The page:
Most of the gold bought in India is jewellery purchased to be worn, with gold coins and bars bought as investments. The main concern for those purchasing gold is assurance of quality, whether it is 22 karats or 24 karats
Worries over the quality of gold available in India have in the past pushed many individuals to buy gold during foreign trips. However, the advent of hallmarking in India means that this should no longer be necessary (although it has been true for some time that the most highly reputable jewellers adhere to extremely high standard on maintaining purity of the gold being sold anyway). A few years ago, KDM jewellery was most sought after, though now it is no longer being made, on account of health hazards. Let us understand the difference between KDM and hallmarked gold.Hallmarked gold: An assurance on purity
Hallmarked gold is one of the ways to assure a buyer of the quality of gold jewellery. It is gold which is certified at one of the Assaying Centre licensed by the Bureau of Indian Standards. Hallmarking certifies that the piece of jewellery conforms to a set of standards laid by the Bureau of Indian Standards, who are responsible for maintaining quality in consumer goods in India. Specifically, it ensures that when gold jewellery is alloyed with metals it is done within the specified limits.A hallmark seal consists of four elements. They include:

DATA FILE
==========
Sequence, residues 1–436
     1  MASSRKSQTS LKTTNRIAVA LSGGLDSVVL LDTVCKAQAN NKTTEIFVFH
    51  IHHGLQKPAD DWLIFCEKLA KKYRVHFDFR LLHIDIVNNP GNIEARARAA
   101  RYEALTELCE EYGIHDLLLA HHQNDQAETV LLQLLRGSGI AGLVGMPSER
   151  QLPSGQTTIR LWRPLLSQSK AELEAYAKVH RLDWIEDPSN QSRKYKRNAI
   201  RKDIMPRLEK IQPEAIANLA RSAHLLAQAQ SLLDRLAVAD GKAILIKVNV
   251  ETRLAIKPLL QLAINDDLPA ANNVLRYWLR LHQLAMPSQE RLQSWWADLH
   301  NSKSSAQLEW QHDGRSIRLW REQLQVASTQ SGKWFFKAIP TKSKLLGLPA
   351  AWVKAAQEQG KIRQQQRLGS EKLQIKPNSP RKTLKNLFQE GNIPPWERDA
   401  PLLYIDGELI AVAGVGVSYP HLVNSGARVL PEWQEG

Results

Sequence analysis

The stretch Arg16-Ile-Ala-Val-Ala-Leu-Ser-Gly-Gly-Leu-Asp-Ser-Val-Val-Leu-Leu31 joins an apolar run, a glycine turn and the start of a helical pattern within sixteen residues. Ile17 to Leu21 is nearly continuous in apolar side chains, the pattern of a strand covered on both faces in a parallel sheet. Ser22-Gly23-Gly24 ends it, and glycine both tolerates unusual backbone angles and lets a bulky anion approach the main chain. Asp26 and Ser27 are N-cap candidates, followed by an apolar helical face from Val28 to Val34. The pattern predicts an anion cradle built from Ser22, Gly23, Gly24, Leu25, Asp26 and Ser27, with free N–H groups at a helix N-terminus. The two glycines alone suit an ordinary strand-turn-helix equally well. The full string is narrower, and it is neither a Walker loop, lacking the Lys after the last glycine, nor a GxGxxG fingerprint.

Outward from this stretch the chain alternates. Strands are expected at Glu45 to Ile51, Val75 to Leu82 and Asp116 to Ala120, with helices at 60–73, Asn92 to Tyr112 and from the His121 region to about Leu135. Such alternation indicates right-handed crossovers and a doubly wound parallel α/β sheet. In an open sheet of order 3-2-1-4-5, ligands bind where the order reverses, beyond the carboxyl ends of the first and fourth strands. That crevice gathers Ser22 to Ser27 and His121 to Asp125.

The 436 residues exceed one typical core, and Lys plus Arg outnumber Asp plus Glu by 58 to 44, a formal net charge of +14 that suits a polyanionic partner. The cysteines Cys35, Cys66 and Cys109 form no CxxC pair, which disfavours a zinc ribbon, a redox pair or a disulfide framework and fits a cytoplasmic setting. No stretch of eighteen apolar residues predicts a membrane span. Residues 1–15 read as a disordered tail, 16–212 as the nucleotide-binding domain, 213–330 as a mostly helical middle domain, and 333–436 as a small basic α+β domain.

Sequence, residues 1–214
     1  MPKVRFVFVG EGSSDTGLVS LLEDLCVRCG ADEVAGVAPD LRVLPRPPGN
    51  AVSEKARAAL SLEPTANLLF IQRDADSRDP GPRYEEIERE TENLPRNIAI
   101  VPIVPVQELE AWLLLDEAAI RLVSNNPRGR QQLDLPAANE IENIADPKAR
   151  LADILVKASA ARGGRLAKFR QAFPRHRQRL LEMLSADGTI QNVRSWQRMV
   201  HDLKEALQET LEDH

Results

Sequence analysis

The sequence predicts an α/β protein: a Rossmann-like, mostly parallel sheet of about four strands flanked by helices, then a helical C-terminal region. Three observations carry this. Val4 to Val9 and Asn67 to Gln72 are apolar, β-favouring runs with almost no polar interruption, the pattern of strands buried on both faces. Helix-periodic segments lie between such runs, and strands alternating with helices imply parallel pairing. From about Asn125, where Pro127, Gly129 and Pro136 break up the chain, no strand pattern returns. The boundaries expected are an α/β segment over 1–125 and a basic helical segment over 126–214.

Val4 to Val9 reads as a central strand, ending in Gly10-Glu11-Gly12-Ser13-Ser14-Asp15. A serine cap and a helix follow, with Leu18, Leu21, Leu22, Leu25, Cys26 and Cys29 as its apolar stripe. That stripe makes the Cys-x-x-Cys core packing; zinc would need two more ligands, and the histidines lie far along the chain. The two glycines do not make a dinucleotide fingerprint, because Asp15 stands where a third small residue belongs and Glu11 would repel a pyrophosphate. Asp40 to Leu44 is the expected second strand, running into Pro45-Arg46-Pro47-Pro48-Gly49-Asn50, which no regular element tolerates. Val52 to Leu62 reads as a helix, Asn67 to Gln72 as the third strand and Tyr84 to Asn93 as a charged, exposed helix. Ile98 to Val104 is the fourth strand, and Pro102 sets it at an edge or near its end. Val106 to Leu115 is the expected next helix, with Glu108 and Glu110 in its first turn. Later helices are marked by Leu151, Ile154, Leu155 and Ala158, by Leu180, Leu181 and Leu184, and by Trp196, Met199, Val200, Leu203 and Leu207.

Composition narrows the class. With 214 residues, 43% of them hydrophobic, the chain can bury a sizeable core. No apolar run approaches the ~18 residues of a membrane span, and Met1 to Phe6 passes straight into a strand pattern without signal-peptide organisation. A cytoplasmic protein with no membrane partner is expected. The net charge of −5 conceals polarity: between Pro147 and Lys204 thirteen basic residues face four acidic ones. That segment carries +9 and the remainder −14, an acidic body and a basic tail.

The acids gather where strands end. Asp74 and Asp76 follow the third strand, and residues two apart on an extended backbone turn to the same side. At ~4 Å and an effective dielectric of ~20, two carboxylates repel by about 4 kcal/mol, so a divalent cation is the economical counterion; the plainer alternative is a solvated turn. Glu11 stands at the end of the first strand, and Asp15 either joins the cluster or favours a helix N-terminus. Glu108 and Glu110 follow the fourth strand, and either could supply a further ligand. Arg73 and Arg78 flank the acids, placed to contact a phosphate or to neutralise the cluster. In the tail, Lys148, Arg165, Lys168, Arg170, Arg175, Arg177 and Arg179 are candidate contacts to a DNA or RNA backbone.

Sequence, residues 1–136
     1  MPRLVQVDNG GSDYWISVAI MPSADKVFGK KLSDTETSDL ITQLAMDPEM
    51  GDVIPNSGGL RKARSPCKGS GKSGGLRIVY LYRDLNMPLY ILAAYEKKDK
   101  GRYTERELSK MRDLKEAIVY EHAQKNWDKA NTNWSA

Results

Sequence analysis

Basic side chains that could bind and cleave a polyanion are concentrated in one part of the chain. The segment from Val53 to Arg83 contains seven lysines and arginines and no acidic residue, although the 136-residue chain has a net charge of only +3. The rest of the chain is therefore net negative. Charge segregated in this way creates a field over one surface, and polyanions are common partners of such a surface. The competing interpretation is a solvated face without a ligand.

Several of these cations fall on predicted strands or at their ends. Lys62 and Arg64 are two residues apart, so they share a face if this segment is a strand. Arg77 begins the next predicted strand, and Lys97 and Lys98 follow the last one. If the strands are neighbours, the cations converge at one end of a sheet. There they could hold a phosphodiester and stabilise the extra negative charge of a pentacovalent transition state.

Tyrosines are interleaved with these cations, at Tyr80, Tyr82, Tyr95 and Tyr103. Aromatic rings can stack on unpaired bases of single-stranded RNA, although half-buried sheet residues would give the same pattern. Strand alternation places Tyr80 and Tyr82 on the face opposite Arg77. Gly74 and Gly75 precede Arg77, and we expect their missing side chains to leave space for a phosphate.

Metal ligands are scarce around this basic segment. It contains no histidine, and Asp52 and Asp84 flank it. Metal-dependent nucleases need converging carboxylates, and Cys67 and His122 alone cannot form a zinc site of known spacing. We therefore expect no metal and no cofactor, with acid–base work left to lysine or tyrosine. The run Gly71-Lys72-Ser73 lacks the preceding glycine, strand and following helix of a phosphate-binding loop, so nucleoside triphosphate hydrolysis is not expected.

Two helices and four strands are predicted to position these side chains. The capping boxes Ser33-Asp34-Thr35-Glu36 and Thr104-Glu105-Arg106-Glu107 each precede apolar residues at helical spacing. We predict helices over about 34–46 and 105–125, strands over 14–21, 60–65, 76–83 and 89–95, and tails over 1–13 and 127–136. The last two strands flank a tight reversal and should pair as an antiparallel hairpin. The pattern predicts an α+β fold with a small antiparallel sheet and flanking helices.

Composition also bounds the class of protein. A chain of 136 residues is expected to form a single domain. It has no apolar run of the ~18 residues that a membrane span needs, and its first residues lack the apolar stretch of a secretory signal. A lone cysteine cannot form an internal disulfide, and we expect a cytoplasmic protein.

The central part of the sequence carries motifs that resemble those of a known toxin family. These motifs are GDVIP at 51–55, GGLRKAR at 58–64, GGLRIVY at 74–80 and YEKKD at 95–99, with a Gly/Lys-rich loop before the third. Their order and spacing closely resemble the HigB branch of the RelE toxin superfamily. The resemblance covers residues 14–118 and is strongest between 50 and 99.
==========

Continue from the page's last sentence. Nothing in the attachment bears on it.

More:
The purity of the gold jewellery is mentioned in the laser engraving of a hallmark seal. One of the limitations of hallmarked jewellery has been that so far there are not many Assaying centres and hallmarking is not mandatory for all caratages in India.KDM Gold
While KDM gold has been popular, it has been removed from circulation because it has been proven to be hazardous to health. Below we explain why it is no longer used.
Gold jewellery gets its detailed designs through soldering of different parts together. To undertake soldering, material with a melting point lower than that of gold is used. The soldering material was traditionally an alloy of gold and copper; the ratio should be 60 per cent gold alloy and 40 per cent copper.
However, using this method added to the impurities in the gold. For example, if a 22-Karat gold bangle was worked on using this technique, and the jewellery melted on resale, it led to less value on account of lower purity. To help improve the purity of gold after processing, cadmium was introduced to replace copper.
The chief merit in doing this was unlike traditional gold and copper solder, gold and cadmium could be mixed in a ratio of 92 per cent and 8 per cent, which ensured purity of 92 per cent. Cadmium-soldered jewellery was widely known as KDM jewellery. However, it was found that it posed serious health hazards on wearers, and hence the technology was banned and was replaced by other advanced alloys.
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